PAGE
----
Total solar eclipse
Photograph ©2017 by Brian Cohen.

Annular Solar Eclipse in North America: October 14, 2023

Is this the ring of fire about which Johnny Cash sang?

If you want to see an annular eclipse of the sun in North America, your next golden opportunity is on Saturday, October 14, 2023, when the path of a solar eclipse is forecast to cross from Oregon over much of the southwestern United States and into Mexico and Central America…

Annular Solar Eclipse in North America: October 14, 2023

Eclipse Chile
Photograph ©2019 by Brian Cohen.

…and, of course, keep your eye out for airfare deals, hotel deals and rental car deals, as searching for them can never be too early. Hotel rooms with reasonable room rates are still available in places such as San Antonio; but hotel properties in Elko, Albuquerque, and other areas are already sold out. Be prepared to do a lot of driving.

Interactive Maps

If you want to specifically know where to go to best view a total eclipse of the sun, the official annular solar eclipse Internet web site of the National Aeronautics and Space Administration of the United States — which is more popularly known as NASA — has a map.

Here is a video pertaining to what is an annular solar eclipse.

Using Google Maps as the engine and created by Xavier M. Jubier, this interactive map of the annular solar eclipse is an excellent way for you to pinpoint the precise location of where to maximize your viewing of the total eclipse of the sun — as well as gather other information about the eclipse in any location with one single click.

annular solar eclipse map
Click on the image of the map to access its source. Interactive total solar eclipse map ©2006-2023 by Xavier M. Jubier.

There is even a spot on the map in the form of a black dot in the center of the path of totality over the Caribbean Sea just east of the coast of southern Nicaragua that shows the precise location of where you can view the longest duration of the total solar eclipse…

ASE 2023 General Circumstances:

  • Type: Annular
  • Date:  2023 October 14
  • Time: 17:59:31.4 UT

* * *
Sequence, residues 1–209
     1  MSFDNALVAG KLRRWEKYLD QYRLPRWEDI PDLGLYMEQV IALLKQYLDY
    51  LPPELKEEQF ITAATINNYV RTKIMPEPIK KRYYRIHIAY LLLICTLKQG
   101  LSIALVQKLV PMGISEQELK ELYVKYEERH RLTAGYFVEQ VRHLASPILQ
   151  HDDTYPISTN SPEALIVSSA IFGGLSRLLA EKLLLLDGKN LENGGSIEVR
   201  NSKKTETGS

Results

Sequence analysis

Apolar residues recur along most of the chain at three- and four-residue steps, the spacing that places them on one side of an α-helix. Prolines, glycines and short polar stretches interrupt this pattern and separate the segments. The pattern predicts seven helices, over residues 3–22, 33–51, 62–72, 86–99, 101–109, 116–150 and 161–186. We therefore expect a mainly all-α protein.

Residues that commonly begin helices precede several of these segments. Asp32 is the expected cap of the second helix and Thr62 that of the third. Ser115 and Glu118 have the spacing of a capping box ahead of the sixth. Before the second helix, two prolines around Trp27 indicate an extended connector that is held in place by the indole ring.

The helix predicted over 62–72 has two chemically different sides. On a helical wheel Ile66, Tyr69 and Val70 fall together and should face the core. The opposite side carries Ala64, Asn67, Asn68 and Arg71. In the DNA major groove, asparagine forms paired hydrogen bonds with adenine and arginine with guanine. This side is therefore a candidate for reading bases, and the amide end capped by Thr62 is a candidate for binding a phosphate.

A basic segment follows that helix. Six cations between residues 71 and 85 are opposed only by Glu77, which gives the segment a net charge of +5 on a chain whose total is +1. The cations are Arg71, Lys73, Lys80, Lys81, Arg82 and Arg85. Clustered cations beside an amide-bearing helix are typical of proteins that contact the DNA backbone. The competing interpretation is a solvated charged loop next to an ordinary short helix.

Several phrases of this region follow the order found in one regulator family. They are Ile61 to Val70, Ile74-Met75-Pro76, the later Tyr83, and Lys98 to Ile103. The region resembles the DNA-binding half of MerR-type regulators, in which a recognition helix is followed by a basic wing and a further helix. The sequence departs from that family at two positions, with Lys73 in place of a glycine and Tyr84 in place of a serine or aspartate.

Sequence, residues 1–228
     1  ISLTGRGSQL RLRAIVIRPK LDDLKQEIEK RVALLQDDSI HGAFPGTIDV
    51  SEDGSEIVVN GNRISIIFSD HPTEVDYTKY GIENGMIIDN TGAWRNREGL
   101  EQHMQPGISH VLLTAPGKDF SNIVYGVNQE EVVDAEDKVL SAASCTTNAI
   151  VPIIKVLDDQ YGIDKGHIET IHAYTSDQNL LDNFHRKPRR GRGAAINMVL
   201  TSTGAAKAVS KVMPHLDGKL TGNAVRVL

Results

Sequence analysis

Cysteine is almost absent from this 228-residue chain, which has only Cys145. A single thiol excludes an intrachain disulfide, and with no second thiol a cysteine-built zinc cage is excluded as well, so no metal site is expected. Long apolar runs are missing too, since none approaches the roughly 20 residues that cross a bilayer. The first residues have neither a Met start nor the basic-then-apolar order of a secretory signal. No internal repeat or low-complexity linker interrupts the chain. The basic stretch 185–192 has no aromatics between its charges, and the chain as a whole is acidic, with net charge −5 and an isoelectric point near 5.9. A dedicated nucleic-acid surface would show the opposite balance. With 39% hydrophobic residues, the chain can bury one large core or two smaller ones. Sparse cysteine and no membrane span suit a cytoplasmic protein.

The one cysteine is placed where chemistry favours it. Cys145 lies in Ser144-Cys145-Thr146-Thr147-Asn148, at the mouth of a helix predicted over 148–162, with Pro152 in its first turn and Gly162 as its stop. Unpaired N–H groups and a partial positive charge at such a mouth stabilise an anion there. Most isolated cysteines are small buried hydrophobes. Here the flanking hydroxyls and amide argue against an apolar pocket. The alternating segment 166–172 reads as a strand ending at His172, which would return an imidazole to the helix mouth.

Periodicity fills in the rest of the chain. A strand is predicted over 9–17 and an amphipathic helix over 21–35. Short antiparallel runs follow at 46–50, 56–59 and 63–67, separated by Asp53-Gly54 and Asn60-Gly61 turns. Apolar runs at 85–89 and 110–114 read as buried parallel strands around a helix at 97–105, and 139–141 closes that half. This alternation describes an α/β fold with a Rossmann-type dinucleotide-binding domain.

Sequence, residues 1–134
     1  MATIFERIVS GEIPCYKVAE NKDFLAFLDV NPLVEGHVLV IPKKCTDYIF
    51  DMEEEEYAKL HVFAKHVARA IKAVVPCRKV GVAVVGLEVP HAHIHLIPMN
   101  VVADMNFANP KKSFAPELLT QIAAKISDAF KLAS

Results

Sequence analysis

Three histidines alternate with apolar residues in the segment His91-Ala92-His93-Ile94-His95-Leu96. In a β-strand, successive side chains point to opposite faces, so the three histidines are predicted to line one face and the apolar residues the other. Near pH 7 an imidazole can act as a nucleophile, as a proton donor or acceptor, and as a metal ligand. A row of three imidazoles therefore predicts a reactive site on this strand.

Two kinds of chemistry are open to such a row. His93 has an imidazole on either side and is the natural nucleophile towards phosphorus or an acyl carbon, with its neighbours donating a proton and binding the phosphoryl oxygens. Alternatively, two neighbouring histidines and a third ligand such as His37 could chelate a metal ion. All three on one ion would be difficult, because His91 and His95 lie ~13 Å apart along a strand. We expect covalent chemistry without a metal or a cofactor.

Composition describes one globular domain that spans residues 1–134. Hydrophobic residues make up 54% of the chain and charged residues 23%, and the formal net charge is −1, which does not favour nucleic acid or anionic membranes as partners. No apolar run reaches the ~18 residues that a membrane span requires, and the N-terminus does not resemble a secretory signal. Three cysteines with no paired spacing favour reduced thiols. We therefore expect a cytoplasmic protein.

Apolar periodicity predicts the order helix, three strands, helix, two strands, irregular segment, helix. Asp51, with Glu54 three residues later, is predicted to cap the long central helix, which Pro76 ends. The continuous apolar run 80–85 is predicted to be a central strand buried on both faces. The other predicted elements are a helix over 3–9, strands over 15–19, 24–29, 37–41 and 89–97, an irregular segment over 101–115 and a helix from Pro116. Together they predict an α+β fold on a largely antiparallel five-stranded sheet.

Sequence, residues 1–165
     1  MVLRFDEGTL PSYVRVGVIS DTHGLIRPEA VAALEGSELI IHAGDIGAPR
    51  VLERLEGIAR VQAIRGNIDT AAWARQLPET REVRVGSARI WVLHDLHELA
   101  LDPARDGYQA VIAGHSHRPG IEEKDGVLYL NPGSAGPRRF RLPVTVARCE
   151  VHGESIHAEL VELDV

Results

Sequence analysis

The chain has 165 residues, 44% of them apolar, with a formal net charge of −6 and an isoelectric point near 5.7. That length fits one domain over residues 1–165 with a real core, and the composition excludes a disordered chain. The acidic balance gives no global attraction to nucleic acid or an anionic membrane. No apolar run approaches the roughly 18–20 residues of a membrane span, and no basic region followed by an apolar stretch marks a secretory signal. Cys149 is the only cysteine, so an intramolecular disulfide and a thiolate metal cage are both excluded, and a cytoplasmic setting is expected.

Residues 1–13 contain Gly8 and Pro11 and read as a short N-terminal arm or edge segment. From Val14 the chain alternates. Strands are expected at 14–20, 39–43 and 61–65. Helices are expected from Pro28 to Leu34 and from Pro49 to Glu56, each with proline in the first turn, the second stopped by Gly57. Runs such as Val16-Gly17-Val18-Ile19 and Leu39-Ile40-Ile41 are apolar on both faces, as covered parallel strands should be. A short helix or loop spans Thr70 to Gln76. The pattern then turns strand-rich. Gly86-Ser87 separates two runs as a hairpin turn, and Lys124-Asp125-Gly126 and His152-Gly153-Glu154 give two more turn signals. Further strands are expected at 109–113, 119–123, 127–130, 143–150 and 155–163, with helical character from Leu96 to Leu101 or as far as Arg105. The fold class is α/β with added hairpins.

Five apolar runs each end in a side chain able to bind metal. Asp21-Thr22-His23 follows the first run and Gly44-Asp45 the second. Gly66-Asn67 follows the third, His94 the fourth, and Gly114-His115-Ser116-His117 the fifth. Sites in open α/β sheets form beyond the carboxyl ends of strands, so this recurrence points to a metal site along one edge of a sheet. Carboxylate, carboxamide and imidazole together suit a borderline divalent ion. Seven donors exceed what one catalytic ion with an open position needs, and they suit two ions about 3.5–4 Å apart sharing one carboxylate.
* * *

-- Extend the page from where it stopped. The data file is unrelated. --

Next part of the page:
• Magnitude: 0.95203
  • Gamma: 0.37534
  • Saros: 134
  • Max. Duration: 05m17s
  • ΔT: 69.1s — σ = ±4s [±0.0°]

Bonus: How to Photograph a Solar Eclipse

Solar eclipse glasses on lens
Photograph ©2017 by Brian Cohen.

When you have pinned down the location as to where you want to photograph the solar eclipse, how do you take pictures of it?

“We asked two veteran photographers to share their top tips for documenting the biggest astronomical event America has seen in years”, according to this article written by 

If you are unsure as to the best ways of photographing the solar eclipse, information in the aforementioned article includes researching the best locations; bringing the right equipment; getting creative with your photography — and even using your smartphone or other portable electronic device if you do not have the proper equipment.

Final Boarding Call

Total solar eclipse
Photographs ©2017 by Brian Cohen.

Start planning your travel as soon as possible if you are interested in seeing an annular eclipse of the sun in the United States on Saturday, October 14, 2023, as lodging will be more difficult to reserve.

Ensure that you are equipped with the proper glasses or filters for viewing it — and check the weather to ensure that viewing conditions are as close to optimal as possible.

I have never seen an annular solar eclipse; but it looks like a ring of fire around the moon rather than the moon completely blocking the sun, as with a total solar eclipse. The ring of fire effect occurs because the moon is at its farthest point in its orbit from Earth; so it cannot completely block the sun.

Please refer to the following articles pertaining to the total solar eclipses which I experienced in the United States on Monday, August 21, 2017 and in Chile on Tuesday, July 2, 2019:

All photographs ©2017 and ©2019 by Brian Cohen.

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